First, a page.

The idea is to make the timing depending on C1 and R1, so R2 should be significantly larger than R1. R1 should be at least 5 kOhm because the 4011 has a maximum of 1 mA output current. The input of the logic gate is high-ohmic because of the FET, if the input voltage is within 0 to 5 V. When the input voltage raises above power supply or lowers below zero because of G1 switching, one of the input protection diodes will be conducting. R2 must be large enough to limit the input current to 10 mA, just barely visible on my screenshot of the absolute maximum ratings, but this will always be the case because R2 >> R1 and R1 > 5 kOhm.

The answer is that the Absolute Maximum Ratings are NOT exceeded because of the R-C network. Even with R2 of zero ohm, because G1 cannot deliver an output greater than 10 mA, but then the time constant is not just R1 times C1.

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  • \$\begingroup\$ Can you share a specific case where you found your example circuit in a published document? \$\endgroup\$ – The Photon Dec 15 '19 at 16:51
  • \$\begingroup\$ Those published examples don't match the schematic you presented. One main difference is there's no capacitor connected directly to a gate input in the electronics-tutorials example. \$\endgroup\$ – The Photon Dec 15 '19 at 17:01
  • \$\begingroup\$ In normal operation and steady state, those resistors don't carry current. But the whole problem with driving the input voltage outside the rails is that it will drive high current through ESD protection diodes associated with the input pins. And in this condition, which is the heart of your question, those resistors will carry current. \$\endgroup\$ – The Photon Dec 15 '19 at 17:13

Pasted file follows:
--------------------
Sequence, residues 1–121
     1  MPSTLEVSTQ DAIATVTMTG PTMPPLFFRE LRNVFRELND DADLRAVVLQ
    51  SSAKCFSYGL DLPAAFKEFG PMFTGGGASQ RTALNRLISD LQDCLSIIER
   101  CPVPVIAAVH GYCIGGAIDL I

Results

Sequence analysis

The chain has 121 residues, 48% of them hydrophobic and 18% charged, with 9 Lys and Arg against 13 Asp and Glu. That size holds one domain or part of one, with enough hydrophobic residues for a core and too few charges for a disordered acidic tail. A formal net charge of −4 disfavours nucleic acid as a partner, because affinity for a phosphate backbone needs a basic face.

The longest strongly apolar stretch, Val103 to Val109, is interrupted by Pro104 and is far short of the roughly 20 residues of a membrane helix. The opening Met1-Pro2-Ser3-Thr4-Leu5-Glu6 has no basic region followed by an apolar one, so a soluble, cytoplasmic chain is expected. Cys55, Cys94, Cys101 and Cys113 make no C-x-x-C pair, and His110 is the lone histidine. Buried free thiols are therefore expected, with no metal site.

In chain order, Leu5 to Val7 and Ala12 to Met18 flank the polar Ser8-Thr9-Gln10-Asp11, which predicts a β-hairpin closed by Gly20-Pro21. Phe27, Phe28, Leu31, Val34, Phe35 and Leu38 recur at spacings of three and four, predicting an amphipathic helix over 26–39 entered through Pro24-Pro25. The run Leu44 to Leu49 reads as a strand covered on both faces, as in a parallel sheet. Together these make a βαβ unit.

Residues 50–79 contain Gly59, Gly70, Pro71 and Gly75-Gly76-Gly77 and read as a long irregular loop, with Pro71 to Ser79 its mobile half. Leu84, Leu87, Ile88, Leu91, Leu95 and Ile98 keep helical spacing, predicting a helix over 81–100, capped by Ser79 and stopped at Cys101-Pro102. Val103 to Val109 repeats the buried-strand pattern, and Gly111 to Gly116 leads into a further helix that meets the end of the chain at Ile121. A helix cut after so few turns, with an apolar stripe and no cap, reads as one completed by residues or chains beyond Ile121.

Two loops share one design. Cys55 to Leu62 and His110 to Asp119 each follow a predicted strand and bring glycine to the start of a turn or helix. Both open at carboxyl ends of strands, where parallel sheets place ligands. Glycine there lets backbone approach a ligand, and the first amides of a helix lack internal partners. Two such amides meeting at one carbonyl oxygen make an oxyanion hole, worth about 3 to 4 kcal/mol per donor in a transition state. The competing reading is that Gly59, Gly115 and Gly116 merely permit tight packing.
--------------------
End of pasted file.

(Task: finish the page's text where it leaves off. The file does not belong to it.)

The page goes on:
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If you look at the online examples more carefully, you'll see they're not like the schematic you shared.

Here's the online example: enter image description here

[source]

Notice that in this example, the capacitor is not directly connected to the input of any gate (only to the output of U2).

The resistor connected between the capacitor and the inputs of the gates means that the current that can be fed through the capacitor to those gate inputs is limited. If the resistor values are 5 kohms, and the U2 output switches between 0 and 5 V, then only 1 mA could possibly flow through the resistors into the input pins of U1 or U2.

This current limit is enough to prevent damaging the gates.

(Aside: with older CMOS chips (like 4000 series) you may have to watch out for latch-up behavior if inputs are driven outside the rails even briefly. Luckily for me I've never had to design with such old parts, so I can't give you more details on exactly what is needed to avoid the problem)

Edit